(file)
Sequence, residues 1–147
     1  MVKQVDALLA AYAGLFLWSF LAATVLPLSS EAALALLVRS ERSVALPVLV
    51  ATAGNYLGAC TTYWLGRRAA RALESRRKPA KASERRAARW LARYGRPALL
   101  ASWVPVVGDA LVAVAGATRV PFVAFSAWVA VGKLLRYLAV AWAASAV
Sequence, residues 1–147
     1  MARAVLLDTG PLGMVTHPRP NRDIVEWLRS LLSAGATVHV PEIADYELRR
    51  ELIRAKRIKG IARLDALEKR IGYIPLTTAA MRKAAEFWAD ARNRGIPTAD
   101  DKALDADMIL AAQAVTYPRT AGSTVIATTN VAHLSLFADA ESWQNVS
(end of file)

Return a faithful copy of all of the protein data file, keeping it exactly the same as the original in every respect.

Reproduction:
Sequence, residues 1–147
     1  MVKQVDALLA AYAGLFLWSF LAATVLPLSS EAALALLVRS ERSVALPVLV
    51  ATAGNYLGAC TTYWLGRRAA RALESRRKPA KASERRAARW LARYGRPALL
   101  ASWVPVVGDA LVAVAGATRV PFVAFSAWVA VGKLLRYLAV AWAASAV
Sequence, residues 1–147
     1  MARAVLLDTG PLGMVTHPRP NRDIVEWLRS LLSAGATVHV PEIADYELRR
    51  ELIRAKRIKG IARLDALEKR IGYIPLTTAA MRKAAEFWAD ARNRGIPTAD
   101  DKALDADMIL AAQAVTYPRT AGSTVIATTN VAHLSLFADA ESWQNVS